I’ve mentioned it many times before but it’s worth noting again: the topic of search engine optimisation is often shrouded in mystery but it’s actually quite simple. In a nutshell, you need to consider three things: on-site SEO, off-site SEO & ‘code’.
Search Engine Optimisation in 60 seconds
On-site SEO is anything you can see on a website, be that page/post titles, text, images, video, maps, files/documents and links, as well as something called the ‘Meta Description’.
Off-site SEO concerns any references to your website, homepage or otherwise, somewhere else on the web. This includes – but is not limited to – forums, blogs, directories and social media.
Code is what sits behind the scenes. In short, clean code is good code. A website which loads quickly is better than one that takes a while. Similarly, you need to ensure search engines can actually see your content… so stay away from things like Flash. If you’re using something like WordPress or Joomla then you have nothing to worry about.
Google SEO vs YouTube SEO
YouTube is second only to Google in terms of daily search traffic and, with the exception of ‘code’, can be treated in the same was as a website when it comes to SEO.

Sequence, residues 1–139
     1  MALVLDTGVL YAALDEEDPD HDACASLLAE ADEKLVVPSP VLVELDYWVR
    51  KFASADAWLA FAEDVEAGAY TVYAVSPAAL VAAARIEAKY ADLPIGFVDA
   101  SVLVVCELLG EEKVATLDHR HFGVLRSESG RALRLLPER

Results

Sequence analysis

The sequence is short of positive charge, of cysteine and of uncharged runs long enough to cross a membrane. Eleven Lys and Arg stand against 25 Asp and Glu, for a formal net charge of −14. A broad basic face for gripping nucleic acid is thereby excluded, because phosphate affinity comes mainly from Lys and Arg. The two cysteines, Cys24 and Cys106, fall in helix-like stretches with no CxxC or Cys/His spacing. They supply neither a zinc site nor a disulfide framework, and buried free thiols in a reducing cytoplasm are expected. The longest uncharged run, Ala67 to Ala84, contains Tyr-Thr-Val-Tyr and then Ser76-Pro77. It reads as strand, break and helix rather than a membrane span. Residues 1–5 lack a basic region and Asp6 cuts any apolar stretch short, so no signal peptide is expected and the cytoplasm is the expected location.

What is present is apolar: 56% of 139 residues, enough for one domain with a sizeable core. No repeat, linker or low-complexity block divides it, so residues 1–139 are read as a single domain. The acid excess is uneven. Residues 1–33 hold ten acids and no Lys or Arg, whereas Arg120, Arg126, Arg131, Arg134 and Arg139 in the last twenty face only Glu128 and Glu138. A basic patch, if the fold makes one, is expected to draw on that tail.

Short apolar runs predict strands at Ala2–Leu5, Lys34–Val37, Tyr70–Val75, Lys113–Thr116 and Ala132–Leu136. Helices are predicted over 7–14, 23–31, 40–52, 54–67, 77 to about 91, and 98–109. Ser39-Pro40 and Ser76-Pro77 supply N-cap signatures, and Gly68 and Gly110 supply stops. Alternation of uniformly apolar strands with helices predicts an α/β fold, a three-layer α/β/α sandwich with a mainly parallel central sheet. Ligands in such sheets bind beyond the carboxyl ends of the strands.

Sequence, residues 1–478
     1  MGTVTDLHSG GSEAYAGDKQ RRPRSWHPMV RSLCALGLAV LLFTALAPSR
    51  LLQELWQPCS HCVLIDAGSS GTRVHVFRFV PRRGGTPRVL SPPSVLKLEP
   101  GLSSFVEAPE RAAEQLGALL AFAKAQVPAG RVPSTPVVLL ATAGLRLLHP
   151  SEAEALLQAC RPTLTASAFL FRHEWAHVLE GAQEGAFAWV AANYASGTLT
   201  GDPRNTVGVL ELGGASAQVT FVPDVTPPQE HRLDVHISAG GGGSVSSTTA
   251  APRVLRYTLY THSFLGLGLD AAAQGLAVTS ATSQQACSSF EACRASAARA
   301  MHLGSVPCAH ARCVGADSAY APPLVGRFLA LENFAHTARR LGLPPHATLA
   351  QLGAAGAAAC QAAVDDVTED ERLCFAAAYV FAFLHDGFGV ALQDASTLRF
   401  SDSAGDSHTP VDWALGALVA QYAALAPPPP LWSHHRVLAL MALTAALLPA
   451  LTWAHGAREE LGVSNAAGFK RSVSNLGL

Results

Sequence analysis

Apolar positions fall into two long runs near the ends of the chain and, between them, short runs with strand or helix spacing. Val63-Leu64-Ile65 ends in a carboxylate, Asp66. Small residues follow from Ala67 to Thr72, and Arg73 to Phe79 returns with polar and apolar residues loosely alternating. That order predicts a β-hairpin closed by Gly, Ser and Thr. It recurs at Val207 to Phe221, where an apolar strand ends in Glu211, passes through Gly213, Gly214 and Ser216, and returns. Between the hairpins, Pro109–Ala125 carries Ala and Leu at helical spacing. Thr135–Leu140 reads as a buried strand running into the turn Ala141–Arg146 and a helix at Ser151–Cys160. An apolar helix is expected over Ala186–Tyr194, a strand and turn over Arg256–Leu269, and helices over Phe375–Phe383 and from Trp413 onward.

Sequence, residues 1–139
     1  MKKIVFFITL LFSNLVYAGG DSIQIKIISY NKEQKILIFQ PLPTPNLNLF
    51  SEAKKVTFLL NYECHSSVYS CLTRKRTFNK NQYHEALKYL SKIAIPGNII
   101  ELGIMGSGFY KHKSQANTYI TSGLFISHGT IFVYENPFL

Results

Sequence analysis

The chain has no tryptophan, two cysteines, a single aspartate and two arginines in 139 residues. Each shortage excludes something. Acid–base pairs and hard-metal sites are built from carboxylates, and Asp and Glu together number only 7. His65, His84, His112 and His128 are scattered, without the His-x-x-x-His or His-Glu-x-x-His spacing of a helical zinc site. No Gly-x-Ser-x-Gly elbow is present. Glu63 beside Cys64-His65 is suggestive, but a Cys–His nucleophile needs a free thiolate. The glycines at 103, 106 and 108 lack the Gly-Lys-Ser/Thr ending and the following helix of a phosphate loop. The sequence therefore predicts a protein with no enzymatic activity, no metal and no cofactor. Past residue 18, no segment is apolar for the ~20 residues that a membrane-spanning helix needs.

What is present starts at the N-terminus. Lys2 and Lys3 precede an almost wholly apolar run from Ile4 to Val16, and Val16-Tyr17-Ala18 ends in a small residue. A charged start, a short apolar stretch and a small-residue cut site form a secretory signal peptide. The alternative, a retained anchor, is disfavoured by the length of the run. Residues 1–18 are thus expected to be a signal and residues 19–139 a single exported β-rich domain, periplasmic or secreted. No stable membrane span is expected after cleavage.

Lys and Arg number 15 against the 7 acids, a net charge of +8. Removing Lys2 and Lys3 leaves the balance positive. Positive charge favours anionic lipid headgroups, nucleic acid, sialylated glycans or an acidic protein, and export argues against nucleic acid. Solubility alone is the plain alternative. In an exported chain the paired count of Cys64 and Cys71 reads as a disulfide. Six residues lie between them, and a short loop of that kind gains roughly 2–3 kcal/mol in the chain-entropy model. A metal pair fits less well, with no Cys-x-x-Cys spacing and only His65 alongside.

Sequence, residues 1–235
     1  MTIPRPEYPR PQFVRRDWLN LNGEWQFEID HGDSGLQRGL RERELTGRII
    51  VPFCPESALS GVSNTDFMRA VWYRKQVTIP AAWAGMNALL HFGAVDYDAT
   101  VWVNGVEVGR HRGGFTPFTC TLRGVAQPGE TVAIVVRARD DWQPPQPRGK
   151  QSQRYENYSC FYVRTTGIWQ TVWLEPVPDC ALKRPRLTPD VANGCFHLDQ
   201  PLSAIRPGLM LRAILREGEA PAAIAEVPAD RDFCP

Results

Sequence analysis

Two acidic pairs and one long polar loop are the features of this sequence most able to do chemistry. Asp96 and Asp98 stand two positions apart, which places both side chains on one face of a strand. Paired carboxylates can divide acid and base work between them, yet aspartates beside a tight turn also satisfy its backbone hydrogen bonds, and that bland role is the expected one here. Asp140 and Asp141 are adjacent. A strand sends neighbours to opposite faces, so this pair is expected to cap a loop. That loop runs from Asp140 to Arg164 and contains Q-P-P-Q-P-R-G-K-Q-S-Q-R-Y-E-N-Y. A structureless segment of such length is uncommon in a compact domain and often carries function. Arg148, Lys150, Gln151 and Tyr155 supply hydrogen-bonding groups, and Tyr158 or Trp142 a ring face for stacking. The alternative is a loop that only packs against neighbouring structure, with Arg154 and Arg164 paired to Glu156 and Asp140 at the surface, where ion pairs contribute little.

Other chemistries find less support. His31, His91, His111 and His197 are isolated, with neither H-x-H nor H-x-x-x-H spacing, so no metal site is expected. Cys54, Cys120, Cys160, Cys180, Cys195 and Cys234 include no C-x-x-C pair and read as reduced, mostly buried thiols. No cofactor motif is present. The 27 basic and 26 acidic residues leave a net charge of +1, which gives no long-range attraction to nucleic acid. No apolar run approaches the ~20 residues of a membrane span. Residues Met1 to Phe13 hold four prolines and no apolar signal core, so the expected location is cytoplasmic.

However, most of the videos that supposedly show you how to get more views completely ignore this fact so I have decided to do my own little series.
How to get more views on YouTube Videos EP #1: Meta Descriptions
The first video in the YouTube SEO series has been uploaded on two separate channels, with identical titles, tags and thumbnails. The only difference between the two is the opening 160 characters of the YouTube video description. This is important because YouTube uses the first 160 characters to populate the Meta Description for any given video.
A month from now I will compare the number of views that both videos received from YouTube & Google searches and I am confident that the one with a well defined meta description will see the bigger numbers.
If you want to try this on your own videos, remember that SEO is an art and not a science. There is no right or wrong way, but try and consider the following:
1. Search engines will use the Meta Description as a way of assessing the content of your web page (or in this case, your YouTube video). Remember that Google can’t see, so you need to offer a concise set of key words; and
2. YouTube will show the first 120 or so characters from your video description in their search results. A well written description may encourage someone to click on your video as opposed to someone else’s.
The remaining videos will be posted to my gaming channel. Be sure to hit that subscribe button :0)